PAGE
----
This should come as no big surprise because duh? Don’t steal from other books? Or just don’t steal from anywhere? But, much like a recent post about the difference between inspiration and impersonation, theft seems to be a constant in the book world. Whether that’s being a reader and pirating a book (don’t do this) or that’s being a writer and thieving scenes from other books, it’s less surprise at seeing it happen now and just a big old sigh of disappointment.
(This video below is going to make sense in a second.)
I kept being unsure of whether or not I wanted to write this post, not because it would anger anyone, but just because is it really that big of a deal that Claire Legrand blatantly copied two pivotal Gandalf scenes? It shouldn’t be, but then, weirdly, something else flipped the switch for me. I’m a huge Yungblud fan, and one of the worst parts about the pandemic has been that I discovered him just before shit hit the fan, so I haven’t been able to see him live. Back at the end of August, he released a new song, and I was so excited to finally have something after weird! to listen to, excited at the prospect of new music.
I kid you not, when I hit play, I actually had to pause for a second and look back at my phone to make sure that I hadn’t somehow bizarrely typed in Nirvana and put on Smells Like Teen Spirit. I have no idea what the actual song is, but there’s that not Paramore song that kept floating through TikTok and making me confused every time my siblings were watching videos. You know which one I’m talking about, and it’s mind-numbingly annoying to hear it everywhere and feel like I’ve been transported back to 2014. I managed to get through Fleabag, but I was still rattled enough by the similarities that I Googled it to find out if it was intentional, and there’s all these articles talking about its “Nirvana grunge vibes” and “Kurt Cobain yelps” and “it’s got a similar feel”, and I’m just?? No, it’s the exact same song. It begins the same, the chorus is the same, the yelps are in there, the notes are the same, the structure is the same, literally everything about Fleabag mirrors Smells Like Teen Spirit. It would be one thing if Dom was just a huge fan of Nirvana and wanted to pay homage to them by throwing in the yelps or maybe the bass opening or just a little nod, but it is the exact same song. And this? I’m not a Nirvana fan. I’m not upset because how dare you steal from the gods, nah bro, that’s not what this is about. This is the fact that I can’t listen to Fleabag because it’s the not Paramore song all over again, and it’s just such blatant theft that the only thing I can think about while trying to listen to it is that I would rather just be listening to Nirvana, which is such a weird flex that literally never happens in my life.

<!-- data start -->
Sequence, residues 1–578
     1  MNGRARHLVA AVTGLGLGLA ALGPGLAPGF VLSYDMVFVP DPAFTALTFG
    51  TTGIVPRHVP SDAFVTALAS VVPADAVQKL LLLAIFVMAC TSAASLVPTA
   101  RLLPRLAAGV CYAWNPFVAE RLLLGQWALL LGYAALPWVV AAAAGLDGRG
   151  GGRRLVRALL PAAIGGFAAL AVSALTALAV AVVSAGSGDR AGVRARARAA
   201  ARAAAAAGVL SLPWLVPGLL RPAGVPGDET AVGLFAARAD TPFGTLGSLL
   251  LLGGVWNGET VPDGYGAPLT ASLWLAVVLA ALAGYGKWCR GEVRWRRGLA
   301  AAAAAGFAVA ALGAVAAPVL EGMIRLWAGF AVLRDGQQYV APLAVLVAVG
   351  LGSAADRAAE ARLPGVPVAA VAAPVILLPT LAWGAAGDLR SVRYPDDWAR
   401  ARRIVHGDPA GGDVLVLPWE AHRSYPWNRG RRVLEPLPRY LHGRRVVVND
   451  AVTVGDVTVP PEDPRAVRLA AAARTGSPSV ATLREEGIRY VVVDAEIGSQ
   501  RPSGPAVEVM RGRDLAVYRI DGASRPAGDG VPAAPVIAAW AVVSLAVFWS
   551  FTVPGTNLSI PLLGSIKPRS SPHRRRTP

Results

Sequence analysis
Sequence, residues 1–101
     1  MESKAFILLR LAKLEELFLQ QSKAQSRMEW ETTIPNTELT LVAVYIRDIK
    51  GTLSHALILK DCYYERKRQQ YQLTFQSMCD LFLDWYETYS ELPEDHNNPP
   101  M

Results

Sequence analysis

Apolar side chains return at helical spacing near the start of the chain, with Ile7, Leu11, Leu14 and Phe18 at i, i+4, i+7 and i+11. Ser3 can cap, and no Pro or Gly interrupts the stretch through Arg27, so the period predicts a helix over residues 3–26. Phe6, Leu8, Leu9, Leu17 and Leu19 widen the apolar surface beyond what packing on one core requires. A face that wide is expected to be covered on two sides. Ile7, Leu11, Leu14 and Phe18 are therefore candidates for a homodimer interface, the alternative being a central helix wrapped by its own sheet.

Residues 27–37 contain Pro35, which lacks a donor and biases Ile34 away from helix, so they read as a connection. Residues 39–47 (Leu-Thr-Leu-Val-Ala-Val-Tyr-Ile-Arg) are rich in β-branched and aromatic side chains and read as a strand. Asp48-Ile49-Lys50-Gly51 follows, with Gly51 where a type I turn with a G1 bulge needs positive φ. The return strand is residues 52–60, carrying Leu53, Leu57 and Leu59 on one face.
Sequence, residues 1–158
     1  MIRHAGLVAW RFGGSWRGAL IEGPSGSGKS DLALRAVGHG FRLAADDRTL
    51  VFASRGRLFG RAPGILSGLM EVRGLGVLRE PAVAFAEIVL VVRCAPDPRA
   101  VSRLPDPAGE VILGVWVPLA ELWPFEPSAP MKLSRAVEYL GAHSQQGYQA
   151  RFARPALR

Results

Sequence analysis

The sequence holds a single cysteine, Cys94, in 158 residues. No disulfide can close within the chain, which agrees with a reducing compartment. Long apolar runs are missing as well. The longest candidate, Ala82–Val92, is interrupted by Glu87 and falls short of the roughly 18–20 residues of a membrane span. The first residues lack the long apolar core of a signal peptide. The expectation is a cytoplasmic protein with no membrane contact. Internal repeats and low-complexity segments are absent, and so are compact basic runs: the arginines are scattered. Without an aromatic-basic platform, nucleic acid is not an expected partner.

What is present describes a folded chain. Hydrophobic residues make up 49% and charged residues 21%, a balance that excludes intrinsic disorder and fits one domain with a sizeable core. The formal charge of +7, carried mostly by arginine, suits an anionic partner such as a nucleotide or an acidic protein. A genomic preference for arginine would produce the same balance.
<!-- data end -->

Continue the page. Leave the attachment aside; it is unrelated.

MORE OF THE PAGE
And that’s why, when I was feeling kind of okay about Lightbringer by Claire Legrand, despite all of its many, many issues, the second she tried to pull the wool over our eyes and pretend she wasn’t stealing from Tolkien, I just stopped giving a shit.
This is not a review for Legrand’s Empirium series because I’m never going to waste that much of my time talking about the issues in those books, but I am going to use it as an example for today’s post because it’s the most recent one in my reading brain. I mean, there’s a list of other reasons why I don’t like the series, such as nonconsensual sex, emotional & sexual manipulation, rampant misogyny, self-harm, violent animal death, unnecessary mental torture followed by oh but he’s hot I forgive him sex, and queerbaiting, so like–do with that what you will. But there are two scenes, in particular, that really just grind my gears, and I know they get me more than everything else because, I mean, duh, I literally have an entire page dedicated to my slow crawl through everything Tolkien’s ever written.
I could have forgiven the first, too, but it was the second that really hit home. Both happened in Lightbringer, and I can’t remember the exact structure of the scene, but I’m pretty sure it was Audric riding Atheria (?) into the tornado/hurricane/storm thing, and all of a sudden, the description of the scene became identical to Gandalf riding Shadowfax into the darkness created by the Nazgûl. The men & women fighting below were being destroyed by the storm that had wiped out the day around them, and all manner of evil was coming down on them, and then there’s Audric, flying through with his sword, which he lifts into the air and the sheer light that sprang from the sword brought sunlight streaming through the storm in a way that cleared the way enough for the people to retreat, and I just–